|Team ||Poss||Off Eff||eFG%||FT Rate||OR%||TO%|
|NY||87 ||1.057 ||53.2 ||12.9 ||20.6||16.1 |
|ATL||87||0.908||48.6 ||9.5 ||18.4 ||24.1|
If the comeback victory over the Chicago Bulls demonstrated the interconnectedness of offense and defense, then last night's home loss to the New York Knicks demonstrated that, in the short-term, the act of creating open shots can mean little if those open shots aren't made.
During the Baseball Analytics panel at Sloan, Tom Tippett of the Boston Red Sox spoke (generally) about his efforts to evaluate process rather than results. The idea being that much can go right for a player or a team despite an unsuccessful end result and vice versa. If one defines process as the sum of the acts that led to the a player taking a shot, then, process-wise, the Hawks and Knicks were essentially equal last night. The Knicks won by 13 points because they were far more effective in the act of taking shots. And there's a reason that eFG% is the most important of the four factors.
There were reasons the Hawks lost beyond not making good shots. Al Horford missing six of eight shots hurts worse when Josh Smith takes eight jump shots (making two, one of which was a three-pointer) and the Hawks further squandered their margin for error by turning the ball over on 24.1% of their possessions and getting to the free throw line just nine times.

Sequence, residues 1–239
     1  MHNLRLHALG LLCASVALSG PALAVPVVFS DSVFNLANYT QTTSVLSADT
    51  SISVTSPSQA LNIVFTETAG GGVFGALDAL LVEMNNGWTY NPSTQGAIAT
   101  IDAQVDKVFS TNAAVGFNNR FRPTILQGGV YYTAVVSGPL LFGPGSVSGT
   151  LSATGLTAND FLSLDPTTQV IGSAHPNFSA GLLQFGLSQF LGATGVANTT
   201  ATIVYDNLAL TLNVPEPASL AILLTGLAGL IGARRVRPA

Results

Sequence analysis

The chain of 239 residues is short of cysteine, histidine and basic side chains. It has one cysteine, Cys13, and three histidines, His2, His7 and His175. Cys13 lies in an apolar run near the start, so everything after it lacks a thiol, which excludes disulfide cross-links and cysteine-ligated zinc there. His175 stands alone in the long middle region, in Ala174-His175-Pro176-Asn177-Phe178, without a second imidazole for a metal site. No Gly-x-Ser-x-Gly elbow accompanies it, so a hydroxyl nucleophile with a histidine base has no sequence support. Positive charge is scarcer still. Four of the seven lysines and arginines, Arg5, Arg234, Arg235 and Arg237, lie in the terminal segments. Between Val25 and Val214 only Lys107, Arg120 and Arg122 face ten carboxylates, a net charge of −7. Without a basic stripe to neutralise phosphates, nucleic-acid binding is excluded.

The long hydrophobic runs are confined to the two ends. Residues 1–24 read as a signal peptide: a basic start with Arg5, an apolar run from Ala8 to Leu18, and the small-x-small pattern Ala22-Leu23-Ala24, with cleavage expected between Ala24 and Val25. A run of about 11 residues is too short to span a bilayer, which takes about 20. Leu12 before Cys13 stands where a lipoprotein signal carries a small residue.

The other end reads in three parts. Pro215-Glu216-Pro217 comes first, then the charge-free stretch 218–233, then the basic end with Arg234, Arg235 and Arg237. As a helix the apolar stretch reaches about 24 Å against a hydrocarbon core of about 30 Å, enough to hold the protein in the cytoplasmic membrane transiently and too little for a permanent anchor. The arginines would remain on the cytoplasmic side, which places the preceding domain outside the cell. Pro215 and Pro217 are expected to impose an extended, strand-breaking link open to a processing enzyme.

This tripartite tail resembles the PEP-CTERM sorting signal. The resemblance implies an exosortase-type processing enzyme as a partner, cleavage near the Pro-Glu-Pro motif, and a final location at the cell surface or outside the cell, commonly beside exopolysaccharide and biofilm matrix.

The Knicks deserve credit for increasing their own likelihood of making open shots. In their decisive fourth quarter run, New York neutralized the defensive impact of Al Horford and Josh Smith by forcing them to close out on three-point shooters.
Plus, it must be acknowledged that the Knicks were without Chauncey Billups and Ronny Turiaf for the entire game and with Carmelo Anthony seeing double for the better part of three quarters. This was a game the Hawks probably should have won and they didn't. It was a bad result but, generally, the process was sound (especially in terms of the team's inescapable and long-standing limitations) and, over time, sound process will lead to good results more often than not.
"Right now, we’re in disarray. We’re not playing with the type of confidence and the type of swagger we should be playing with at home. And that’s a very disturbing thing."The post rotation provides the best evidence of top-to-bottom disarray by a wide margin. Jason Collins doesn't play unless he starts, Zaza Pachulia's production and playing time have become dissociated to near-Teaguian proportions, Josh Powell is brought off the bench about once a month to remind Drew that he can't play, a process Hilton Armstrong likely (hopefully?) began last night.
"They moved the ball well, making big shots. I think we became real stagnant on offense. I think it carried over to the defensive end."Amar'e Stoudemire on the Atlanta crowd:
"It felt like a home game in the fourth quarter."